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Advice for students: N’allez pas trop vite

Advice for students: N’allez pas trop vite
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My friend Stefan Hagemann has observed that so many students on a college campus seem to be elsewhere. As I walk around my university’s campus, I understand what he means: phone conversations, text-messaging, and iPod management can take precedence over attention to one’s surroundings. Even without the distractions of a gadget, the sidewalks and quads of a campus sometimes turn into nothing more than empty yardage to be traversed, as quickly as possible, on the way from one class to the next.

I like Marcel Proust’s words: N’allez pas trop vite. Don’t go too fast. It might not be practical to slow down when one has ten minutes to get from one end of a campus to the other. But a college student might benefit in numerous ways from slowing down and looking at and learning about her or his surroundings. Here are five suggestions:

1. Learn about a building, your residence hall perhaps, or a classroom building. How old is it? Who designed it? What style of architecture does it represent? For whom was it named? Did it serve another purpose in the past? What if anything once stood where it was built? A neighborhood? A cornfield? These kinds of questions might spark more general ones: What’s the oldest building on your campus? What buildings retain significant original elements? Noticing old light fixtures, old doorknobs, old signage (painted by hand on doors and walls), and old staircases (their steps worn from generations of shoes) can help you recognize the history that you’re walking through every day.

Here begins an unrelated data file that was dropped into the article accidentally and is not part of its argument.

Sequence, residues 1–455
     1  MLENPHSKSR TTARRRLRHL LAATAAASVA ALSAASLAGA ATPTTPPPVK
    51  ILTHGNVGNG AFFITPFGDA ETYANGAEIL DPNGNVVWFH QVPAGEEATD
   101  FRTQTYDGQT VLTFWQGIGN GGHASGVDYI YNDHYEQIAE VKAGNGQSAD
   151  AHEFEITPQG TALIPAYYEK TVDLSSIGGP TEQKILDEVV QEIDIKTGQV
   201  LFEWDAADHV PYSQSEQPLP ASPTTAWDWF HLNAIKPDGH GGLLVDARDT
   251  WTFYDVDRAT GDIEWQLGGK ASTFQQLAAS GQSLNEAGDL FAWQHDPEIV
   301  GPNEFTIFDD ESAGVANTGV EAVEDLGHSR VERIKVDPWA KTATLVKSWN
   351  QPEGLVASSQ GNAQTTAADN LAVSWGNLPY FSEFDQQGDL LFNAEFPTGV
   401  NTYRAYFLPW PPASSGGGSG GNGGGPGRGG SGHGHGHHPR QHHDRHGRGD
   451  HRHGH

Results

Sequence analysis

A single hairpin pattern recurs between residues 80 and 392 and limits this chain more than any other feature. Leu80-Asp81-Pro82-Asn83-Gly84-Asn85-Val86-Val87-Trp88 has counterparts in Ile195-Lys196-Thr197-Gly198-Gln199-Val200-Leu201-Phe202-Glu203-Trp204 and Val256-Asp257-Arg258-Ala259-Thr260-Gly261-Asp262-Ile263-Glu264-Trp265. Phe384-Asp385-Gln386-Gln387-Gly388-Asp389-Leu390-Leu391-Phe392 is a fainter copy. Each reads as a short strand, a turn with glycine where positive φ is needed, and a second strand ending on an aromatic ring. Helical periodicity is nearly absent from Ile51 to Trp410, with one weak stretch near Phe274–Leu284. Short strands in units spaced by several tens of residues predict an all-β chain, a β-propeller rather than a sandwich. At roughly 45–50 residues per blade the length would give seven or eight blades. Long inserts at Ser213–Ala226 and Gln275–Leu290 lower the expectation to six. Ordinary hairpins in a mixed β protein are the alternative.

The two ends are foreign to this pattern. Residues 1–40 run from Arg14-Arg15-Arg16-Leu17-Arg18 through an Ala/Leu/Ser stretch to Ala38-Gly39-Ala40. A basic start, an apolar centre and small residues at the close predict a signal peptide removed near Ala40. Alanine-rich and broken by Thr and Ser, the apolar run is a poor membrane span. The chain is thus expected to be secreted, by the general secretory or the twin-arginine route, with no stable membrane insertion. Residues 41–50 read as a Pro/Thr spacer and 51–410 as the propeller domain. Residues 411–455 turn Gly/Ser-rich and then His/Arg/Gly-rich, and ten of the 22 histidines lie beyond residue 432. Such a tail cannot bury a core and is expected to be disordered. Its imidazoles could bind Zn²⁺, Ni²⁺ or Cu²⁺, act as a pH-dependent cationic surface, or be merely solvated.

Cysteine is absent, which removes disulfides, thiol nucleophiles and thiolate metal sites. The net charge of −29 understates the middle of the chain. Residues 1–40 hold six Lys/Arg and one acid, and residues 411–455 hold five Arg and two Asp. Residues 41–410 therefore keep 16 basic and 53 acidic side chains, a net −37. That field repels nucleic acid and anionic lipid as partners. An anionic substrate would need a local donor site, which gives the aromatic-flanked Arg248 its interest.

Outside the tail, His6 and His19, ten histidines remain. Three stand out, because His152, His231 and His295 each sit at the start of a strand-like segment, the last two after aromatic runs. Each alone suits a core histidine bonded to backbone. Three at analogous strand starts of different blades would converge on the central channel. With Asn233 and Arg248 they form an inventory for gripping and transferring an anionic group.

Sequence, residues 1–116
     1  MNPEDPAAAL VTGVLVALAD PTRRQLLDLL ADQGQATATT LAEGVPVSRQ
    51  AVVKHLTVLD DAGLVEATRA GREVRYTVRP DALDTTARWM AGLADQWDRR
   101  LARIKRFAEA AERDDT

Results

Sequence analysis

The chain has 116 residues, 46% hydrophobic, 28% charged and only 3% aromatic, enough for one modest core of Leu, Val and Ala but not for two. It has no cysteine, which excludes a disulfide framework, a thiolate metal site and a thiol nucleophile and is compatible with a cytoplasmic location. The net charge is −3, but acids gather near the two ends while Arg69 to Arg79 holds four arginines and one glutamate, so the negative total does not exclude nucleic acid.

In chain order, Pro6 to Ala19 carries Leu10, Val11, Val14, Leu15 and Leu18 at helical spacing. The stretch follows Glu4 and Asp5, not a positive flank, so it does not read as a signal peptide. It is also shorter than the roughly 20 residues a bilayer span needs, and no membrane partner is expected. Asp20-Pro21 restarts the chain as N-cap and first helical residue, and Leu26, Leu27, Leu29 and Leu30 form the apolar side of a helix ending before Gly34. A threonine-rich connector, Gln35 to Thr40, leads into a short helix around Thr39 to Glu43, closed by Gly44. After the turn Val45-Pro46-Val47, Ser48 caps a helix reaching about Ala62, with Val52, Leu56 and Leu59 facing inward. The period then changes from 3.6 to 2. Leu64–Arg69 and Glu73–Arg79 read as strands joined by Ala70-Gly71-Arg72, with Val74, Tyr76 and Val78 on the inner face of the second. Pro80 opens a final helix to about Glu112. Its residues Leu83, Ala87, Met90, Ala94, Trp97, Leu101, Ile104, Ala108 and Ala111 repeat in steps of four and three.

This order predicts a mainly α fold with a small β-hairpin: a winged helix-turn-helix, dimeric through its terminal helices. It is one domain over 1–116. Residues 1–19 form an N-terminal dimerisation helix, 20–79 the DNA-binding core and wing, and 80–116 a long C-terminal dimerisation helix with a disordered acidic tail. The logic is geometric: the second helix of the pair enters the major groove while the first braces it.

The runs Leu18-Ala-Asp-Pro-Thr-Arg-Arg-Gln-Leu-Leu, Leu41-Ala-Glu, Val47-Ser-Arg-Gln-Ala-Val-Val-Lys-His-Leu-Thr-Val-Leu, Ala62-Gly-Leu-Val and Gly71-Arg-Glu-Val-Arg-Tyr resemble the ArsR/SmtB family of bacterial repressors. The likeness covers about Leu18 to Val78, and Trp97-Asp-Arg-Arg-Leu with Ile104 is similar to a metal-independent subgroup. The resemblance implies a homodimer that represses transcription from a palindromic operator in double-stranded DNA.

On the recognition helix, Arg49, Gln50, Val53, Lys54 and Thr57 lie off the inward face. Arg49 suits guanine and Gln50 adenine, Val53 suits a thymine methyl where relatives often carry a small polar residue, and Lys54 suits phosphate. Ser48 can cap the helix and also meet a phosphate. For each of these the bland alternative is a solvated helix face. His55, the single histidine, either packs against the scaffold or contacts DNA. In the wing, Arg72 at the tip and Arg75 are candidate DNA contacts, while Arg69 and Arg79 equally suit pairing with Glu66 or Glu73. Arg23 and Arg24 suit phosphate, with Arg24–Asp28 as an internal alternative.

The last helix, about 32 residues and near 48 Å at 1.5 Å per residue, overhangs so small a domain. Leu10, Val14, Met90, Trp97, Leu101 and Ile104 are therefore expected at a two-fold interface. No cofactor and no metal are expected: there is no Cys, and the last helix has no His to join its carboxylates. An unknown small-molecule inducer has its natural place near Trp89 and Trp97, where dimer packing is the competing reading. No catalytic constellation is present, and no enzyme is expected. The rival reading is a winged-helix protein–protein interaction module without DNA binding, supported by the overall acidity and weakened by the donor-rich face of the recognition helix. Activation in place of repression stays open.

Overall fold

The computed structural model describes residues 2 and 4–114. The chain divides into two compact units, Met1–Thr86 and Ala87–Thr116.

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2. Give some attention to the monuments and portraits that most students (and faculty) walk past. Commemorative plaques, presidential portraits, class gifts (sometimes in the form of a fountain or gate), memorials to alumni in military service: all these can help you to recognize that as a college student, you’re a member of a community that spans generations of endeavor. I remember studying, as an undergraduate, a stained-glass library window with the university seal, and realizing that students could have been looking at the same seal in the same window fifty years before.